A picture in the news this weekend showed three white men holding black shields and black flags.

It occurred to me that, though younger, they looked like me. Without their foolish garb, we could be mistaken as being very much alike. If I could hear them talk, we might even speak with a similar accent.

But I have little in common with those people. We may both have light-colored skin, but below the skin there is something different.

They spew hate; I do not even silently feel that for those who are different from me. They portray an attitude of bravado; I would much prefer to sit and talk. They bear all the signs of being afraid; I do not get what they are so afraid of.

Those three men in Charlottesville, Virginia, look so much like me, but they are not my people.

I worshipped with my people Sunday. I listened to an African-American layman unwrap the charms of Scripture in a Bible study class of whites, blacks and Hispanics. That is the world in which I belong.

Now here’s the interesting twist. I actually was visiting this class for the first time – my wife and I not knowing a person in the room before we entered it.

Despite our newness, the Christ followers who filled the room welcomed us, and we felt at home.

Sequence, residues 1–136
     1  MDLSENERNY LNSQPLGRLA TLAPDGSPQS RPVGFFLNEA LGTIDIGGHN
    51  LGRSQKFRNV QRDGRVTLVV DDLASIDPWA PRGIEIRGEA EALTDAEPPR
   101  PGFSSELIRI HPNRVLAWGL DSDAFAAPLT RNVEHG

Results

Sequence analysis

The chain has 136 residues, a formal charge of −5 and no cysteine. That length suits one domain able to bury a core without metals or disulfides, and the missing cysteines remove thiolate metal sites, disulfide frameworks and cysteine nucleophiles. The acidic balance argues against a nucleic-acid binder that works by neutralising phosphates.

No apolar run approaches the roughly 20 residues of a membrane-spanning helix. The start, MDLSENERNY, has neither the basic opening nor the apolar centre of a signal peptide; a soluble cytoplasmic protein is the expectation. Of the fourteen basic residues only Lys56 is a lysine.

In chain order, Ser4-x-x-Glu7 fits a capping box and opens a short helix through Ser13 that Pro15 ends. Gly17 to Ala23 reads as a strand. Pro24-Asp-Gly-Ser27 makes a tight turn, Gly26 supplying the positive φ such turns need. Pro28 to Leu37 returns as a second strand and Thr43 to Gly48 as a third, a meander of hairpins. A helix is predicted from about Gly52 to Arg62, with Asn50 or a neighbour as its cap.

Family, tribe, race and other social groupings are very important, but Christians who get their identity primarily from those smaller groups are really missing something profoundly of God – connection with all people no matter their race, language, gender or homeland.

Faith in Christ opens this human flower for us to enjoy.

Paul reminds us in Galatians 3:27-28: “As many of you as were baptized into Christ have clothed yourselves with Christ. There is no longer Jew or Greek, there is no longer slave or free, there is no longer male and female; for all of you are one in Christ Jesus.”

Remember what Jesus said when he was told his family had come to see him: “My mother and my brothers are those who hear the word of God and do it” (Luke 8:21).

The Nazi-saluting, Confederate-flag-waving, alt-right, KKK, white supremacists protesting in Charlottesville may look like me, but they are not my people because they have refused to love their neighbor as Christ instructed us – and which is how God intended for life to be lived.

I wanted to make that clear, and it is time more of us pale-skinned Christians proclaimed this difference more broadly.

If you think the Bible reveals God’s truth, then it is good to remember Europeans were not God’s chosen people, and God did not become incarnate in flesh as a European.

God chose a Middle Eastern people, the Jews, and came to earth as a man of those people – a rather dark-skinned man.

We white European descendants need to get over ourselves. We need to stand with God against the people who look like us and yet spew a hatred that is not of Christ.

Stand with Christ. As Edward Mote wrote, and we still sing, “On Christ, the solid Rock, I stand; All other ground is sinking sand, All other ground is sinking sand.”

Ferrell Foster is director of ethics and justice for the Baptist General Convention of Texas’ Christian Life Commission. A version of this article first appeared on the BGCT’s blog. It is used with permission. You can follow him on Twitter @ferrellfoster.

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